A blog dealing with Sarasota County and the City of Sarasota.

Tuesday, August 16, 2011

The Seven Challenges of North Trail

People have been scratching their heads for years wondering why North Trail doesn’t seem to work any better than it does. After four decades of scratching my own head, here’s what I have come up with.

1)   Not a Whole Market. Relatively few people live west of the Trail so most of the potential shopper-shed to the west is in Sarasota Bay. This limits the extent to which surrounding neighborhoods can support 41 businesses.

2)   Narrow Lots. Many of the Trail fronting lots are extremely shallow, limiting what can be done with them.  This creates pressure to intrude into adjoining neighborhoods with predictable pushback.

3)   Commuters. Several well-known franchises (7-11, Pizza Hut, KFC) have folded along North Trail, which suggests to me that many of the people using the highway are not interested in stopping for a retail experience – they are headed somewhere.

4)   North Trail does not run North. We assume it does, but it doesn’t. This leads to the façade of many buildings being oriented north-south, when they should be parallel with the curb. As a result the N-S buildings signal their disinterest in the motoring public. This is solvable, but will take redevelopment with rules.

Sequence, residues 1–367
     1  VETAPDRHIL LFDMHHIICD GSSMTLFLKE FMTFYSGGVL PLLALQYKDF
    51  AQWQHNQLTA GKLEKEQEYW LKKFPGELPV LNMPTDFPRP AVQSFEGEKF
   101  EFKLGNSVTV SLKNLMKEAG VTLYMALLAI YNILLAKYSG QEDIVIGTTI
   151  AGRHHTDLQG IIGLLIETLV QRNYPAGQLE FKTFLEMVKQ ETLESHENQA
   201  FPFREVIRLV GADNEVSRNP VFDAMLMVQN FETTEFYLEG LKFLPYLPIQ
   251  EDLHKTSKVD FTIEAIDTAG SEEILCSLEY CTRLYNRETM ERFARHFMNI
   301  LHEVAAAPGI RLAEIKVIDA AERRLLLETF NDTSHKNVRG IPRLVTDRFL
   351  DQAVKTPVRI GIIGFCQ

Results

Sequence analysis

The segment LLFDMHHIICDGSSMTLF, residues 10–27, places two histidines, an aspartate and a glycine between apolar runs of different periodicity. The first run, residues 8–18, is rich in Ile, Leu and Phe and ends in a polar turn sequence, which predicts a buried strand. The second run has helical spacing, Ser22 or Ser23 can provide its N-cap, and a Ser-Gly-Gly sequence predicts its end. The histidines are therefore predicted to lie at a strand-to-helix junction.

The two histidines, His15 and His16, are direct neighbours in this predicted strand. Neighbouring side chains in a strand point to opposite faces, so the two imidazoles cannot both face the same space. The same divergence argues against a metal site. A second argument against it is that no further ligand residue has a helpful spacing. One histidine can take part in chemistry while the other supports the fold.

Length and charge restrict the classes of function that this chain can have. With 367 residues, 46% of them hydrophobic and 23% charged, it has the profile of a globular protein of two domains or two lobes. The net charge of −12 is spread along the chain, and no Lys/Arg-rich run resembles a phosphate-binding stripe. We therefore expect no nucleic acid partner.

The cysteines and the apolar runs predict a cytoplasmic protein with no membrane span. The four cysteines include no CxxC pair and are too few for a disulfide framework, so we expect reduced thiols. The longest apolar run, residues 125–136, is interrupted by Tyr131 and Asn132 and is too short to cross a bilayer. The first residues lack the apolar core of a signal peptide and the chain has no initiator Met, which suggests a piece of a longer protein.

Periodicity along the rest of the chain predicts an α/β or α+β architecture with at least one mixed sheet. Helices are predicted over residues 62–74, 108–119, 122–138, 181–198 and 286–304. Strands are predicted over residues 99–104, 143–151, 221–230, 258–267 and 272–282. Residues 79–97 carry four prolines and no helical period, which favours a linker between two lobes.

5)   Motel Legacy. Many of North Trail’s historic motels are gone. Of those that remain, some are well run and upstanding while others get by on clientele that create both crime and an image problem.

6)   Hookers. We need to challenge the assumption that if we “re-brand” the North Trail with a catchy new moniker or some banners, the hookers will disappear. The encouraging sign is neighbor interest in taking back the Trail by walking and creating subtle pressure for illegal activity to re-locate. Hookers go first, and then we get a new image, not vice versa.

7)   Capacity. No one knows what will happen to concurrency, but there is a risk the sites with greatest potential – (the corners and larger parcels) -- will be redeveloped leaving the problematic shuttered or limping sites to fester. We need a redevelopment strategy that incentivizes redevelopment of the worst sites, not the best.

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